Google Issues Infection Warnings

July 20, 2011

As every Internet user knows, Google has its finger in a lot of pies.  Yesterday, the company began warning some users of its search engine that their computers appeared to be infected with malware.

In an announcement on the Official Google Blog, Google security engineer Damian Menscher said that the company first noticed some unusual patterns of network traffic during a routine maintenance operation..

Recently, we found some unusual search traffic while performing routine maintenance on one of our data centers. After collaborating with security engineers at several companies that were sending this modified traffic, we determined that the computers exhibiting this behavior were infected with a particular strain of malicious software, or “malware.”

Following the investigation, Google began to return a warning message at the top of the search results for some users, warning them that their machines appeared to be compromised.

Google's Malware Warning

Apparently, this particular variety of malicious software causes requests sent by the infected computer to be routed via a small group of proxy servers, which are controlled by the attackers.  If the request is to a search site like Google, or Bing, the proxy can then alter the returned search results to direct the user toward specific pay-per-click or malicious sites.  Google’s hypothesis is that the malware originally infected the users’ computers via a fake anti-virus program.

Because of the huge volume and diversity of Internet traffic that Google sees, it  is in an excellent position to detect this kind of thing; I think the company is to be commended for taking the trouble to notify users.

In addition to the announcement, Google has a Help Center article with advice on cleaning up an infected PC.   Brian Krebs also has an article on this development at his Krebs on Security blog.


Does Google Affect Your Memory?

July 20, 2011

Last week, the Washington Post carried a report of some new research that seemed to suggest that people’s use of Internet search engines, such as Google, is affecting the way their memories are organized.   The study, carried out by Betsy Sparrow of Columbia University, Jenny Liu of the University of Wisconsin (Madison), and Daniel Wegner of Harvard University, was published in the journal Science [abstract] on July 14.

The results of four studies suggest that when faced with difficult questions, people are primed to think about computers and that when people expect to have future access to information, they have lower rates of recall of the information itself and enhanced recall instead for where to access it.

The four experiments that the authors carried out, using a group of Columbia undergraduates as subjects, are described in the Post article (there is an article on this research in the “Wired Science” blog at Wired as well), and were fairly ingenious.  In essence, the researchers found that, when the subjects thought that new information would later be available online, they remembered the information less well; and they remembered where to find the information better than they did the content.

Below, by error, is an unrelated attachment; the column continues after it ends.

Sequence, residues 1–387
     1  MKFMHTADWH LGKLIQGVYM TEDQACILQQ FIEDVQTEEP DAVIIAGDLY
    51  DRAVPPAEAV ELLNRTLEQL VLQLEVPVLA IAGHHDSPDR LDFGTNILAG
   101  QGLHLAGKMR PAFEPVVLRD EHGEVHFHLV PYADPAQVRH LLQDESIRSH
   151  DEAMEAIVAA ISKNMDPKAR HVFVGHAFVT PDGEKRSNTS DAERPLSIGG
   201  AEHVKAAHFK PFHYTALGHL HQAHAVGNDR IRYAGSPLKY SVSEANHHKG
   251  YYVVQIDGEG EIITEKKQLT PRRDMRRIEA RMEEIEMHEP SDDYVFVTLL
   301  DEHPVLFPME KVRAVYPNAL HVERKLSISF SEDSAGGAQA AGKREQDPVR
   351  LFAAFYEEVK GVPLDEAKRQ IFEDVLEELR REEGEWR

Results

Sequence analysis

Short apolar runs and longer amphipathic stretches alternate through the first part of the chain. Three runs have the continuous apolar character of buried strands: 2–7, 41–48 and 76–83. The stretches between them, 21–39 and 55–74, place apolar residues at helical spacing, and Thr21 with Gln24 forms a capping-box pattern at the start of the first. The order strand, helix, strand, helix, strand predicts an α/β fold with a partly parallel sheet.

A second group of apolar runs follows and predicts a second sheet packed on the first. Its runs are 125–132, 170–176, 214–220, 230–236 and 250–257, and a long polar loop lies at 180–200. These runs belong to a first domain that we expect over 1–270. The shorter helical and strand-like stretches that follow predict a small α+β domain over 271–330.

This may sound like something more novel than it actually is.  As the study’s authors point out, strategies in which people rely on computer data for part of their memory are in many ways another type of transactive memory strategy.  This is a phenomenon observed in, for example, couples, and in teams of co-workers, where the group develops a collective memory system based on the particular memories of individuals and on the members’ knowledge of each others’ memories.  For example, one member of a couple may be (implicitly) assigned to remember birthdays, anniversaries, and so on.  One member of a team at work might be the “go-to guy” for a particular class of technical questions.  The result is a group memory system that potentially surpasses the capabilities of any individual.  Readers, I’m sure, will be able to think of examples from their own experience.   The Internet has made a large body of information much more easily available to the average person, allowing it to be “recruited” as a member of the group.

The authors also note that, as expected, individuals shift their memory strategies when they know that looking up information later is an option.  This also is not so new; I have rarely seen a university professor in math, or physics, who did not have an office full of books.  There are a fair number of books in my office as I sit writing this.  What is perhaps new is the “democratization” of easily accessible knowledge, because of the existence of the Internet.  Of course, there is a good deal of rubbish out there; but it is also true that many people today have access to sources of knowledge that, a few decades ago, would have been completely out of reach because of geography or economics.


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